Skip to content
My WebMD Sign In, Sign Up

Fitness & Exercise

Font Size

Can C-Reactive Protein Make You Older?

As Heart Risk Marker Rises, Physical Fitness Drops
By
WebMD Health News

Nov. 13, 2003 -- C-reactive protein is a marker for heart disease. It may also be a marker for poor physical fitness.

Being fit protects against heart disease. Fitness improves all conventional markers of heart disease risk -- and then some. Where does the extra benefit come from? Part of it may be in reducing inflammation of blood vessels.

Inflammation starts as a protective process. Inflamed tissues swell, redden, and leak fluids. They also attract and activate cells of the immune system, which attack whatever they recognize as harmful. The process fights infection -- but causes tissue damage, too. Inflammation is a key factor leading to heart disease and stroke.

C-reactive protein is a chemical messenger that tissues give off when they get inflamed. People with heart disease have abnormally high levels of C-reactive protein -- 8.0 mg/L or higher. Does fitness have anything to do with C-reactive protein levels? Yes, finds Johns Hopkins researcher Samia Mora, MD.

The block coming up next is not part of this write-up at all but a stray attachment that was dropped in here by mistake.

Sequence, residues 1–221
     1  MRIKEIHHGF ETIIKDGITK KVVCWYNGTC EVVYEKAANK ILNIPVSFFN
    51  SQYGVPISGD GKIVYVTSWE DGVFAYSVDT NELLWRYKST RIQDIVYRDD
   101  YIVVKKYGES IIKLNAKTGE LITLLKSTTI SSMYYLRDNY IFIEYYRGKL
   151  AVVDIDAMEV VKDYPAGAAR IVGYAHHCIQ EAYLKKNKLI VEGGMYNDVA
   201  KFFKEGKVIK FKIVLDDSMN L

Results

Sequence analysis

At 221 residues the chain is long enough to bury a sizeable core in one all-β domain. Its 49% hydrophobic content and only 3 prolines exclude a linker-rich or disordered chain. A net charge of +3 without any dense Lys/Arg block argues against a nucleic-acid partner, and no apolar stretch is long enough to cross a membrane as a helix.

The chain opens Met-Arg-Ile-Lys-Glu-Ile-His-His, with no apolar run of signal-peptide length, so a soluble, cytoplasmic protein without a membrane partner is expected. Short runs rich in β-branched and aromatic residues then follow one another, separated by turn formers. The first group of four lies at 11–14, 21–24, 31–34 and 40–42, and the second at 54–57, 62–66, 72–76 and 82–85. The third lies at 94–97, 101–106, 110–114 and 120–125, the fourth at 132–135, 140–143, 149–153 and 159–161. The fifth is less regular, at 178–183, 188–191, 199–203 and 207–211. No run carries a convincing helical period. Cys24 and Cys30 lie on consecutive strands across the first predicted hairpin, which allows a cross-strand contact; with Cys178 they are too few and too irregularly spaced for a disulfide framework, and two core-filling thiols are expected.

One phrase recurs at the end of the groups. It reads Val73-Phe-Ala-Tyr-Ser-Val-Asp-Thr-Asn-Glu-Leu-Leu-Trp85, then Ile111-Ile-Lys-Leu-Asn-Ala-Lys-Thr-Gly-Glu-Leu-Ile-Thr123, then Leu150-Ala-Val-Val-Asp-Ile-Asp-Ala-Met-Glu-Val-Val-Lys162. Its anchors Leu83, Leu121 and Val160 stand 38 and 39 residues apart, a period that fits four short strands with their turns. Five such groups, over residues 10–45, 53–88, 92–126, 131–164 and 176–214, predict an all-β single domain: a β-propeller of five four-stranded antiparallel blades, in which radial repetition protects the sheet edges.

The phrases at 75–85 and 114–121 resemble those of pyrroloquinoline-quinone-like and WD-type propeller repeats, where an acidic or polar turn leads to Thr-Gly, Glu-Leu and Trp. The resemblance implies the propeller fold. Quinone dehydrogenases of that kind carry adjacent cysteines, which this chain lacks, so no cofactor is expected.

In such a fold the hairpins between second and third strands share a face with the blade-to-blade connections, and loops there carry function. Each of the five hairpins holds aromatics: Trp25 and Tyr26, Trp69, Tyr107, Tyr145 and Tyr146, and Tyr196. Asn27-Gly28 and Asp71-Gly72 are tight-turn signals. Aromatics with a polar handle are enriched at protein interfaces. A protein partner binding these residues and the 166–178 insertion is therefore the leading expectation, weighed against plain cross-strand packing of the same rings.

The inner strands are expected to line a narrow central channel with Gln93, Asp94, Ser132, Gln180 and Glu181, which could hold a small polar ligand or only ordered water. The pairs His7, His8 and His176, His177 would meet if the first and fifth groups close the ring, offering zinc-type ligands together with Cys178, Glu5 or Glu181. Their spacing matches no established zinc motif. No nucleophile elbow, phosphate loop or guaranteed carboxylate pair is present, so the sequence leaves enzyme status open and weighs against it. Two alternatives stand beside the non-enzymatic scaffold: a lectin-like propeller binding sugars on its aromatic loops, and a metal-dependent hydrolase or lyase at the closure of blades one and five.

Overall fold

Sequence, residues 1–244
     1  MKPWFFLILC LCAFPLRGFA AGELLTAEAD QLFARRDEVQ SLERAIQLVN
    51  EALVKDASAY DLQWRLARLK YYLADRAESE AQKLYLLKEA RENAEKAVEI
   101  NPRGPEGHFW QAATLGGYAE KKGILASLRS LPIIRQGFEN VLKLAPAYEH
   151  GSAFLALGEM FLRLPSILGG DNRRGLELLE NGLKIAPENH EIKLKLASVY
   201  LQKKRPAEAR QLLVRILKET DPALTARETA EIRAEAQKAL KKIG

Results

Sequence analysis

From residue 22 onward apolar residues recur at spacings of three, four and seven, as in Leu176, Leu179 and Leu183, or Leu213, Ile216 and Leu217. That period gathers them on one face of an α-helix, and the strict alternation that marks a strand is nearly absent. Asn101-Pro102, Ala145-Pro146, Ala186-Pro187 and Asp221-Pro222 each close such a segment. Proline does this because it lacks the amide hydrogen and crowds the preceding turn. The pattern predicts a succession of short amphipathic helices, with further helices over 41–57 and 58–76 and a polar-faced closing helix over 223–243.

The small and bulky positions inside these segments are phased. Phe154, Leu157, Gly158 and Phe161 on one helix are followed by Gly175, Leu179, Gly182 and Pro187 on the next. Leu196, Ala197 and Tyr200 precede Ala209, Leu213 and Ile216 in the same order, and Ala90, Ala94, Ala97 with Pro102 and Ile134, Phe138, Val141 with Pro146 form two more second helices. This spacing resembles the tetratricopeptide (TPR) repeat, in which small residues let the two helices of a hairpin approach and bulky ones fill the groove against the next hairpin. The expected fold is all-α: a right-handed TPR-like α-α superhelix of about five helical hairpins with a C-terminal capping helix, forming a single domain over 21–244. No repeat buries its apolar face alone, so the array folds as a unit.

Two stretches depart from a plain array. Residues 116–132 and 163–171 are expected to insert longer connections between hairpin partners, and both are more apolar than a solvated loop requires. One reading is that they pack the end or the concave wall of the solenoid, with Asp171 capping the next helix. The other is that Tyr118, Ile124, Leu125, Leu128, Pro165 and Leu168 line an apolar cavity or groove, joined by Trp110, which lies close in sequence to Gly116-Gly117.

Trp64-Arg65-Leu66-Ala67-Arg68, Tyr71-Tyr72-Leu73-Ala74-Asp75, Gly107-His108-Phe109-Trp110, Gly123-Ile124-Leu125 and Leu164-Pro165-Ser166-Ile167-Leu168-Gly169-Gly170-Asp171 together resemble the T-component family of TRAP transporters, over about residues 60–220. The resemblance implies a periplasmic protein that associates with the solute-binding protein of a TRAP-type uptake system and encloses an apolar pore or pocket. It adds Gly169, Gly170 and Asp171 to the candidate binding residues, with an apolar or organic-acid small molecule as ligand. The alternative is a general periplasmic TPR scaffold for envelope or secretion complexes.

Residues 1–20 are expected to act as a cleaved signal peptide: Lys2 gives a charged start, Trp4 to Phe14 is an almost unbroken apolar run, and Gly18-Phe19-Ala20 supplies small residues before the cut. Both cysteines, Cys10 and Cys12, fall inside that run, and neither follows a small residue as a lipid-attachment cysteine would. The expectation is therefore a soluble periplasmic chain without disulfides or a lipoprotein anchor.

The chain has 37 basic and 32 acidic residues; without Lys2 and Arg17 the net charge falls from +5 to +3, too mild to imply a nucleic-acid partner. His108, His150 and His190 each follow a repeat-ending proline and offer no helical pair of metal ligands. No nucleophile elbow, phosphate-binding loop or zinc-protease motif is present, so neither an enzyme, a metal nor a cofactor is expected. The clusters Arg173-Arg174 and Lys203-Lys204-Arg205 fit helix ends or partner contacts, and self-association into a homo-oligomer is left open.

In studies reported at this week's Scientific Sessions meeting of the American Heart Association, Mora measured C-reactive protein in patients with premature heart disease and in 500 of their apparently healthy siblings. She found that as C-reactive protein levels went up, fitness went down.

"Every 1 mg/L increase in C-reactive protein was equivalent to the effect [on exercise duration] of being approximately two years older," Mora writes in her presentation abstract.

However, it's not yet clear whether C-reactive protein is the cause or the effect of poor fitness.

"At this point, we're not sure if poor fitness level causes the increase in C-reactive protein or vice versa," Mora says in a news release.

Healthy Living Tools

Ditch Those Inches

Set goals, tally calorie intake, track workouts and more, all via WebMD’s free Food & Fitness Planner.

Get Started

Today on WebMD

Wet feet on shower floor tile
Slideshow
Flat Abs
Slideshow
 
Build a Better Butt Slideshow
Slideshow
woman using ice pack
Quiz
 

man exercising
Article
7 most effective exercises
Interactive
 
Man looking at watch before workout
Slideshow
Overweight man sitting on park bench
Video
 

pilates instructor
Slideshow
jogger running among flowering plants
Video
 
woman walking
Article
Taylor Lautner
Article